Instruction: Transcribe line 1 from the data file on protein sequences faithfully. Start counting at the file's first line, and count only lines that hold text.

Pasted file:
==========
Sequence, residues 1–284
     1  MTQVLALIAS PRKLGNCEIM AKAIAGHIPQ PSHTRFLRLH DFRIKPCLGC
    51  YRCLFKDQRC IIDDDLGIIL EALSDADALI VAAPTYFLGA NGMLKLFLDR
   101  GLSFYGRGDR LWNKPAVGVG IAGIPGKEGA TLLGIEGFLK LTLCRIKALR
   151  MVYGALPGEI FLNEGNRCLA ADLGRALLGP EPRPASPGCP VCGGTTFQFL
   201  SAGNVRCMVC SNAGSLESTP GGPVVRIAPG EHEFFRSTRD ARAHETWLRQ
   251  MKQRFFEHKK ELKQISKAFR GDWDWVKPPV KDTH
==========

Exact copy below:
Sequence, residues 1–284